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PROTRACK » GENERAL » Khan Marr adds a touch of class to the VAL thanks to Sally Jamieson

Khan Marr adds a touch of class to the VAL thanks to Sally Jamieson

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Marr keeps cool

Star News Group
14th February 2012

Khan Marr, a former member of the Jamaican bobsled team,
is settling into Williamstown and preparing for this Saturday’s
Keilor Gift. 76945_02 Picture: DAMJAN JANEVSKI

KHAN Marr has met some challenges in adapting to the Australian pro running circuit, but it’s nothing compared to the metamorphosis he had to undergo in his home country of Jamaica.

Marr, a sprinter who trained with the famous MVP squad in Jamaica, may have dreamt about running in the summer Olympics, but instead found himself careening down a ice-covered track at the 2010 Winter Olympics in Calgary.

It’s not something Marr ever expected, nor particularly wanted, to do, but if he never represented the Jamaican bobsled team he would not be living in Williamstown now, about to marry a Williamstown girl.

Marr, who is preparing to compete in the Keilor Gift this Saturday, explained how he came to compete for Jamaica at the Canadian Olympics.

“The manager for the MVP club asked if I was interested in joining the (Jamaican bobsled) team. I’ve never had any experience with bobsledding, so I said to him I said I’m not really sure because I didn’t really know what I was getting into. They came back to me about a month-and-a-half later, and confirmed that they really wanted me to try out for it.”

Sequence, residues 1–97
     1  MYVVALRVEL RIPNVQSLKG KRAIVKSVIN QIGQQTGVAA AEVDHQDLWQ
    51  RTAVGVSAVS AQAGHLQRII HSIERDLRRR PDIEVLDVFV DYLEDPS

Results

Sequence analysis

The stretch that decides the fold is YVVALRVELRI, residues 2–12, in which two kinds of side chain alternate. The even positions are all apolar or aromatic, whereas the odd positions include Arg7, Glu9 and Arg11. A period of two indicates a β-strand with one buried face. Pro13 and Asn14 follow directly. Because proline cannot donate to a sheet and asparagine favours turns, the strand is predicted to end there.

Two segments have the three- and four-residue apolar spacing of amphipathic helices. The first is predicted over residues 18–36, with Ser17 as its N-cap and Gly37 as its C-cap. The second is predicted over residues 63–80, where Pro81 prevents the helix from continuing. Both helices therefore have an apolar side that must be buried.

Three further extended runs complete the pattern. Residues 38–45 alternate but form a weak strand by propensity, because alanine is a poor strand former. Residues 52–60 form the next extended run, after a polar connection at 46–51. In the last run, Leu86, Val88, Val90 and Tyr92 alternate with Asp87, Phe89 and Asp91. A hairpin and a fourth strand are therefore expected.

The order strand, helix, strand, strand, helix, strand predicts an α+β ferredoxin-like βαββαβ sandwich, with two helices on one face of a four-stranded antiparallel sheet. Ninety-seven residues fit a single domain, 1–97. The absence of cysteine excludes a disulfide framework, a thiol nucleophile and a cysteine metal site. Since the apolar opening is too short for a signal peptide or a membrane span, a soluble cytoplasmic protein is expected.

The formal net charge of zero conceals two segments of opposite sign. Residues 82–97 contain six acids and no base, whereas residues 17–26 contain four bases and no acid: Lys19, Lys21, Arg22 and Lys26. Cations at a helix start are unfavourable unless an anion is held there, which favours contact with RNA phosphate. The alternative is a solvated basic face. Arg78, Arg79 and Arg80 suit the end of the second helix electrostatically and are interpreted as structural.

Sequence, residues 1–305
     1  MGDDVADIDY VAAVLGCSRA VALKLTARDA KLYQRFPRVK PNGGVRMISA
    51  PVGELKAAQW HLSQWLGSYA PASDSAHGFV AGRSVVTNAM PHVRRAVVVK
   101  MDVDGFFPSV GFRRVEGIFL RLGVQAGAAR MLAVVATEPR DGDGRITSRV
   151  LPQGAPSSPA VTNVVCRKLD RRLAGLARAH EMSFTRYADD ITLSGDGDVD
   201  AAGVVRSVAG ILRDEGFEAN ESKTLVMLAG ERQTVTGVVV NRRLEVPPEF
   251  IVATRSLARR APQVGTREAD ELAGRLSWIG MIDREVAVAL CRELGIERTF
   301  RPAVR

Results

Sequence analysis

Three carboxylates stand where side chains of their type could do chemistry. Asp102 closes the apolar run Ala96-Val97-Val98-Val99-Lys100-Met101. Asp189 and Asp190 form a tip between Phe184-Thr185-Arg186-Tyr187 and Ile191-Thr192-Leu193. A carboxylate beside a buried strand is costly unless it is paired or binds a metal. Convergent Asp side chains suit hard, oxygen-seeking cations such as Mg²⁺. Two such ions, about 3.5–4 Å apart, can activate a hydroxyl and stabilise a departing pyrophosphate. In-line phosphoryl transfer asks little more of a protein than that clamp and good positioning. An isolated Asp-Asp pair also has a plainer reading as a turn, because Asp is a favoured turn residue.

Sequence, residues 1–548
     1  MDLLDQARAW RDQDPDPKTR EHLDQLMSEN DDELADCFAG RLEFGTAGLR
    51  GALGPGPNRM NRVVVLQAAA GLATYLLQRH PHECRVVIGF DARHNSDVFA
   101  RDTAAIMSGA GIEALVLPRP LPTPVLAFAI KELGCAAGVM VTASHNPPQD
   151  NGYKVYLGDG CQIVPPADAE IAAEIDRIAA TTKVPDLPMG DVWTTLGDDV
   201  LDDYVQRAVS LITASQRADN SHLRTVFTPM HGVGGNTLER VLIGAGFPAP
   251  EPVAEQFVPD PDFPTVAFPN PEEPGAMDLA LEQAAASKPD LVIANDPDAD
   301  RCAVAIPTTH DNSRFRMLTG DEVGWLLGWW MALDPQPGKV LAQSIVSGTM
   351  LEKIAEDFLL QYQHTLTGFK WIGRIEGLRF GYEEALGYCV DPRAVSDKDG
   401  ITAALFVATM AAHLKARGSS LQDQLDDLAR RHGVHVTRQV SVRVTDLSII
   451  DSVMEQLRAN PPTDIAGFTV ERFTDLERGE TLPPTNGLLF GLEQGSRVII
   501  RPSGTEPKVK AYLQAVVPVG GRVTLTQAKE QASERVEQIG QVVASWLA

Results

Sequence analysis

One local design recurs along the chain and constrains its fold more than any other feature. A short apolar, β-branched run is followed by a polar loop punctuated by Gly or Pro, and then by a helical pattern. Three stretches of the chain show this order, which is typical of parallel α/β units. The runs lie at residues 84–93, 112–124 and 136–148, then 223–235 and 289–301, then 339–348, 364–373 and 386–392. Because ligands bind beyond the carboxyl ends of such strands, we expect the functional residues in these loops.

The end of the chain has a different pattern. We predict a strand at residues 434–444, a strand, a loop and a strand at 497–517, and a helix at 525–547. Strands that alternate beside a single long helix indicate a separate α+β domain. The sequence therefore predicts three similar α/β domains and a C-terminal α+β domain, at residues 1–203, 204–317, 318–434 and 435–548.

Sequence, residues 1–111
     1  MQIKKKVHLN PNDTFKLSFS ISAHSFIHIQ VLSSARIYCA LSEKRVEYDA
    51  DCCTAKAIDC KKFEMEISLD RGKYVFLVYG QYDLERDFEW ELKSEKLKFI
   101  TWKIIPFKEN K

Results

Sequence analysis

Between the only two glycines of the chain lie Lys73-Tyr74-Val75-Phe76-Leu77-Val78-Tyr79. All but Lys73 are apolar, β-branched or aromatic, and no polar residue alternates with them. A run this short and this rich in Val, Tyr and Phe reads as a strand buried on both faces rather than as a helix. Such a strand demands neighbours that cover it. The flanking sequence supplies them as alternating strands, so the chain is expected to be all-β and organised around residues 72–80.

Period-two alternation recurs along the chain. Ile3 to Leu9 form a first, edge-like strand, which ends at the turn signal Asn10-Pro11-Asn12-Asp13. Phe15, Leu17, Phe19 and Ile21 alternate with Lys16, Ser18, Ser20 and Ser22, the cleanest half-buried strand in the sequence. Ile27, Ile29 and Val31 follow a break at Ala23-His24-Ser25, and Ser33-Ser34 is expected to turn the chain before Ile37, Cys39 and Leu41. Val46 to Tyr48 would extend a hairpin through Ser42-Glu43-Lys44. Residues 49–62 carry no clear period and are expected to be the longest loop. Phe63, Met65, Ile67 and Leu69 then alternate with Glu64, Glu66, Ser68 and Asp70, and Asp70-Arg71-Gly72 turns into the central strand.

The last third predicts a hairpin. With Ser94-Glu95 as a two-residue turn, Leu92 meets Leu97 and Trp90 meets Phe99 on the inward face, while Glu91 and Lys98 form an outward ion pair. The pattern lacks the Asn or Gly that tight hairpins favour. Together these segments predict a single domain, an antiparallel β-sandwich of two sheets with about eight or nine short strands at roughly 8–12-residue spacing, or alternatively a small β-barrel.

So Marr organised a Canadian and American Visa and within a month was on the ice.

“It was an experience but I don’t think I want to do it again, because it was really cold,” Marr said.

“On the worst days, especially in Calgary, it was like minus 30C, which I don’t think is something very healthy, especially for someone like me who is from somewhere with a very warm climate.”

While Calgary spelled the end of a short-lived bobsledding career, it was also the setting for the beginning of a very modern romance.

Williamstown’s Sally Jamieson, a professional runner herself, arranged through a friend involved in the Australian bobsledding team to meet the members of the Jamaican team.

Jamieson and Marr “met” via Facebook. They communicated on the social networking site for a year before Jamieson visited Marr in Jamaica in September 2010. She then returned to the Caribbean island in Christmas, and at that point the couple decided to take the relationship further.

Marr and Jamieson now live together at Williamstown, both train under coach Nick Fiedler in Ringwood, both represent Williamstown Athletics Club, and are getting married in April.

Marr, 29, intends to become an Australian citizen, but has accepted that by the time he is naturalised, be will be too old to compete for Australia. It seems sporting prowess is not enough to accelerate the citizenship process.

Instead, Marr is concentrating on Victorian Athletics League (VAL) meets, and some interstate ones, but admitted being bewildered by them at first.

“Sally was telling me about the pro running, and I’m saying: ‘That’s not fair because one guy is starting ahead of the next guy’,” Marr said.

But Marr is getting accustomed to the handicap concept, and was a narrow runner-up in the biggest 70m race on the VAL calendar, at the St Bernard’s Gift, on 5 February off a backmark of 0.75m. The winner ran off 4.25m.

He said he was “in good nick” after years of chronic hamstring injuries in Jamaica, thanks to a modified training program and top-class treatment.

“You always tend to have these niggles, the thing is back home you never used to get the type of treatment I’m getting here,” Marr said.

Marr is looking to compete in the Stawell Gift in early April, which takes place a week before the wedding. The wedding was scheduled to not clash with Stawell, but also to fit in with Jamieson’s teaching schedule, which resulted in the wedding falling on the day of the Australian Athletics Championships in Albert Park.

Fiedler suggested Marr at least run a heat in the morning before exchanging vows, but as fast as he is, he wasn’t willing to risk being late for his own wedding.

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